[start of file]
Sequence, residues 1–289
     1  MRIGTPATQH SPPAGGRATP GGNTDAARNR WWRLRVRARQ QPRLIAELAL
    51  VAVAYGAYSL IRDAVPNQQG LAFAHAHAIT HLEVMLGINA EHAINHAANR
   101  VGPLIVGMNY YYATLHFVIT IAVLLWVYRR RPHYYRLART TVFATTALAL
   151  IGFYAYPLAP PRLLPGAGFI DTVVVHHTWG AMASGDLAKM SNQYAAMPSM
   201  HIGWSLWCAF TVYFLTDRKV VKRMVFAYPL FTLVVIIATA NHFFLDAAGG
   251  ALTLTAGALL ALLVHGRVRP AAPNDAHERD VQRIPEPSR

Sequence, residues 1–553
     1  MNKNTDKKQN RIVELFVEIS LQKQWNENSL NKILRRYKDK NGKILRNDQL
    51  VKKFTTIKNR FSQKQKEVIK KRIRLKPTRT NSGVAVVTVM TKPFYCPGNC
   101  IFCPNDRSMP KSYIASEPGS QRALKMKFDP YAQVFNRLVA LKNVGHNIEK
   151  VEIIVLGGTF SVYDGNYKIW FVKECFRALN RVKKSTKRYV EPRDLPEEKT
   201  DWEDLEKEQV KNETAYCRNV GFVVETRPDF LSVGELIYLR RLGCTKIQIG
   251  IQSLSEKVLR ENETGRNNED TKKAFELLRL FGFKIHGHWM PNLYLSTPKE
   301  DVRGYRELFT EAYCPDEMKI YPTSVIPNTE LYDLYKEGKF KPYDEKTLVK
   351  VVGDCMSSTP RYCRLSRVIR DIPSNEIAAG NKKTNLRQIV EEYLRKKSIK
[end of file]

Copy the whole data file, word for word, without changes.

Sequence, residues 1–289
     1  MRIGTPATQH SPPAGGRATP GGNTDAARNR WWRLRVRARQ QPRLIAELAL
    51  VAVAYGAYSL IRDAVPNQQG LAFAHAHAIT HLEVMLGINA EHAINHAANR
   101  VGPLIVGMNY YYATLHFVIT IAVLLWVYRR RPHYYRLART TVFATTALAL
   151  IGFYAYPLAP PRLLPGAGFI DTVVVHHTWG AMASGDLAKM SNQYAAMPSM
   201  HIGWSLWCAF TVYFLTDRKV VKRMVFAYPL FTLVVIIATA NHFFLDAAGG
   251  ALTLTAGALL ALLVHGRVRP AAPNDAHERD VQRIPEPSR

Sequence, residues 1–553
     1  MNKNTDKKQN RIVELFVEIS LQKQWNENSL NKILRRYKDK NGKILRNDQL
    51  VKKFTTIKNR FSQKQKEVIK KRIRLKPTRT NSGVAVVTVM TKPFYCPGNC
   101  IFCPNDRSMP KSYIASEPGS QRALKMKFDP YAQVFNRLVA LKNVGHNIEK
   151  VEIIVLGGTF SVYDGNYKIW FVKECFRALN RVKKSTKRYV EPRDLPEEKT
   201  DWEDLEKEQV KNETAYCRNV GFVVETRPDF LSVGELIYLR RLGCTKIQIG
   251  IQSLSEKVLR ENETGRNNED TKKAFELLRL FGFKIHGHWM PNLYLSTPKE
   301  DVRGYRELFT EAYCPDEMKI YPTSVIPNTE LYDLYKEGKF KPYDEKTLVK
   351  VVGDCMSSTP RYCRLSRVIR DIPSNEIAAG NKKTNLRQIV EEYLRKKSIK